The educated have figured prominently in protests and elections in several Middle East and North Africa (MENA) countries. The dominant explanation for this pattern centers on grievances and unfulfilled aspirations due to low education returns in the MENA. However, the pattern may simply reflect the unequal participation observed in many democracies where education provides skills and resources that facilitate political participation. This article compares the roles of skills and grievances in explaining the relationship between education and youth political participation during and after the Arab Spring. We use youth surveys with detailed data on education and political participation from Egypt and Tunisia. We control for parental education and family background to partially account for the potential of background to drive the education and participation relationship. Overall, our results are consistent with the skill channel and lend little support to the grievance channel. Our findings raise concerns about the exclusion of uneducated youth from both unconventional and conventional political participation in MENA politics.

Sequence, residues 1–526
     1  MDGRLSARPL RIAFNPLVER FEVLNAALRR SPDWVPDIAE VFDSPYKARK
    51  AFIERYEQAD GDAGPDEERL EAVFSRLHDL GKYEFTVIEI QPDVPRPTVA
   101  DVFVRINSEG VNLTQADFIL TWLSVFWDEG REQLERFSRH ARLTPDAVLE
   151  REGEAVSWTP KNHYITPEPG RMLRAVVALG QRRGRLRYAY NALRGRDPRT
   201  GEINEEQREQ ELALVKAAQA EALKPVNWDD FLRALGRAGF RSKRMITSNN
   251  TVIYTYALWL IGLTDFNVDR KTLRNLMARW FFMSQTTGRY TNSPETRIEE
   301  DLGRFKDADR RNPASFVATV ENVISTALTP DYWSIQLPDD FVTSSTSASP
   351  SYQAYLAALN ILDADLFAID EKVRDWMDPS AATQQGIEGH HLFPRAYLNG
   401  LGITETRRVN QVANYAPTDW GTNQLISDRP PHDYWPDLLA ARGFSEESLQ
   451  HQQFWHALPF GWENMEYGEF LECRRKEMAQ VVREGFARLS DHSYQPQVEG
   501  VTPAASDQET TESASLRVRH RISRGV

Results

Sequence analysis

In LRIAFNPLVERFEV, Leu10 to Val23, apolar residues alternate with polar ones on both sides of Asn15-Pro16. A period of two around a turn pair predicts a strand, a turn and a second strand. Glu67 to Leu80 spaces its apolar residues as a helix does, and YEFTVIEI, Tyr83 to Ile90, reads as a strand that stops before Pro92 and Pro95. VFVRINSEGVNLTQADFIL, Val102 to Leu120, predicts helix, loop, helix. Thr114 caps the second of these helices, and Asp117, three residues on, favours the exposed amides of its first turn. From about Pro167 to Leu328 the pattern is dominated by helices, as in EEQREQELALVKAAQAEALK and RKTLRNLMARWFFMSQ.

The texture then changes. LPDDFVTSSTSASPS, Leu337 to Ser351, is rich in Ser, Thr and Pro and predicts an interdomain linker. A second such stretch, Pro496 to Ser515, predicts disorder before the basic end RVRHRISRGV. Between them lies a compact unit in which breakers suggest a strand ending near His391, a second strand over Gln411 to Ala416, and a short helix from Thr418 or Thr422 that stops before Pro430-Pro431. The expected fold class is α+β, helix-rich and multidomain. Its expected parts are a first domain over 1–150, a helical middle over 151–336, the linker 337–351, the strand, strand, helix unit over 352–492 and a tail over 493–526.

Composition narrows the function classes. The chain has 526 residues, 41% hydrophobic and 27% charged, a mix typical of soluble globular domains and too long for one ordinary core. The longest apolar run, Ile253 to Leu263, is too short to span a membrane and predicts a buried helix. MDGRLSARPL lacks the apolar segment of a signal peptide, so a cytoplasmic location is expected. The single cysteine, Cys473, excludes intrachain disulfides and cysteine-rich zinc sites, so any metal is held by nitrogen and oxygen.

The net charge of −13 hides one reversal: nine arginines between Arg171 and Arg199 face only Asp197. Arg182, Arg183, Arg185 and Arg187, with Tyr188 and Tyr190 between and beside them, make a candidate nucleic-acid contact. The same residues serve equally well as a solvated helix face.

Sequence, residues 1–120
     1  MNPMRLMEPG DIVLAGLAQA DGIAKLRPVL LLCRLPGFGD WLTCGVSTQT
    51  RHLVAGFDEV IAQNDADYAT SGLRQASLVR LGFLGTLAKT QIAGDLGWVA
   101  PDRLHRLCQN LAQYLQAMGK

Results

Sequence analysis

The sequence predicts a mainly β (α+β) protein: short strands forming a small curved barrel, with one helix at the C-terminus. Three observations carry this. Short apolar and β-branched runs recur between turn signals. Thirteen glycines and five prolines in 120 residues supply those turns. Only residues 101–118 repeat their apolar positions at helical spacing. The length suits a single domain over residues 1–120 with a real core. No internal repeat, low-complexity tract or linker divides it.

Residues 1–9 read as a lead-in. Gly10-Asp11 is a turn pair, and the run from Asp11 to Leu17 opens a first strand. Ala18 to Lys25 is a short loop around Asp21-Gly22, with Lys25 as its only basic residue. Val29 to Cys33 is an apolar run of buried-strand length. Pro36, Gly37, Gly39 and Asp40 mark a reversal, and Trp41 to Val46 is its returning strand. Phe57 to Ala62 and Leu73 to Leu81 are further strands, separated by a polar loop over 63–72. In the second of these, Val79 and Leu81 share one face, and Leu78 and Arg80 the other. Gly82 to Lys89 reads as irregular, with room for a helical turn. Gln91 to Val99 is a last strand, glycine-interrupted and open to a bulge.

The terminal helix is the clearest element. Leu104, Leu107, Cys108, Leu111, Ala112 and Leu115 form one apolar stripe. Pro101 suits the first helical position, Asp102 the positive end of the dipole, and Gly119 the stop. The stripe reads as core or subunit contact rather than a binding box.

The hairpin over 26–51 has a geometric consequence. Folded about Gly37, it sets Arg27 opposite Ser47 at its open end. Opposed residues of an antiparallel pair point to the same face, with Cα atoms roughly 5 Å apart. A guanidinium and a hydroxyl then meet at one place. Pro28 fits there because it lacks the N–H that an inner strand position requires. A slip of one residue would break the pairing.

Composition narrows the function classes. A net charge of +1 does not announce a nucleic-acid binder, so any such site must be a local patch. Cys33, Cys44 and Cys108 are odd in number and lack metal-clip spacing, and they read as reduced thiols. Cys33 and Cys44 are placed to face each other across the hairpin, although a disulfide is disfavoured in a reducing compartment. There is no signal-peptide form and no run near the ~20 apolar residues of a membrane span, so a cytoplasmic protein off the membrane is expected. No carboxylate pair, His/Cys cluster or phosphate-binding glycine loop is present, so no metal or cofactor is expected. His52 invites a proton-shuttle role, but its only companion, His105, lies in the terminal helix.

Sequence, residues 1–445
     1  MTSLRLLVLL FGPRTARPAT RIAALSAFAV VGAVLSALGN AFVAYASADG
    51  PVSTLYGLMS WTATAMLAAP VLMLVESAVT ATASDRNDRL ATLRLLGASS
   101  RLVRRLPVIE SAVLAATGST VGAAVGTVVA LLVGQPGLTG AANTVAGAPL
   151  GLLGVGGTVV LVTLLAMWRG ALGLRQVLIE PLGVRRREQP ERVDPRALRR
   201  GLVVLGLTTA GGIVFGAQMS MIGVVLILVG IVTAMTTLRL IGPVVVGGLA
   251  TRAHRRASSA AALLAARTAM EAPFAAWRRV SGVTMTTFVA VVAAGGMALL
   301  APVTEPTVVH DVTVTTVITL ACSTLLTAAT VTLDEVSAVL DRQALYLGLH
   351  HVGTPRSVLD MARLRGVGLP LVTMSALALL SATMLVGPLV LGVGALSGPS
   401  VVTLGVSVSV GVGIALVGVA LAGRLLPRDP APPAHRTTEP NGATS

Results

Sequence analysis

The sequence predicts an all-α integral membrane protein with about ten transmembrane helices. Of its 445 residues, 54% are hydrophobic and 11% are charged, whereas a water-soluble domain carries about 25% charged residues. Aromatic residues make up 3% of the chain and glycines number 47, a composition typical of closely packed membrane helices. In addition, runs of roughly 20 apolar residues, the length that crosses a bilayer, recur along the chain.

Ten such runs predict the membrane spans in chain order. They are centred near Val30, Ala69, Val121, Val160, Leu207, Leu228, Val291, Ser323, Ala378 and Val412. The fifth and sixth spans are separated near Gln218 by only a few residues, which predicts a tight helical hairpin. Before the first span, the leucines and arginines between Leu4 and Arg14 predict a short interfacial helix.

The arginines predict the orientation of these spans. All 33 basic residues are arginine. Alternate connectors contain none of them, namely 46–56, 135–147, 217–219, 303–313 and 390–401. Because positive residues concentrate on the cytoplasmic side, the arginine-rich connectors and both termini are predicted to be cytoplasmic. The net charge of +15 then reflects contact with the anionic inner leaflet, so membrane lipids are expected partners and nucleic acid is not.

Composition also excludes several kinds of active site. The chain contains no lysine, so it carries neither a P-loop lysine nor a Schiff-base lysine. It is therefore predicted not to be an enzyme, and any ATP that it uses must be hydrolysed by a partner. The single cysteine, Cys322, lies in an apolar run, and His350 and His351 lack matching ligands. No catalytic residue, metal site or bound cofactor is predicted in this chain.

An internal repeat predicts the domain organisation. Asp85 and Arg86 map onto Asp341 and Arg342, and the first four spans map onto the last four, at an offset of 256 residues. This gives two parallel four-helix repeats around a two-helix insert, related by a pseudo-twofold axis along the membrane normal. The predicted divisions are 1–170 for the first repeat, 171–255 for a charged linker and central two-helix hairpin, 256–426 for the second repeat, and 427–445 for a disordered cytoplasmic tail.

- Middle East and North Africa
- Political participation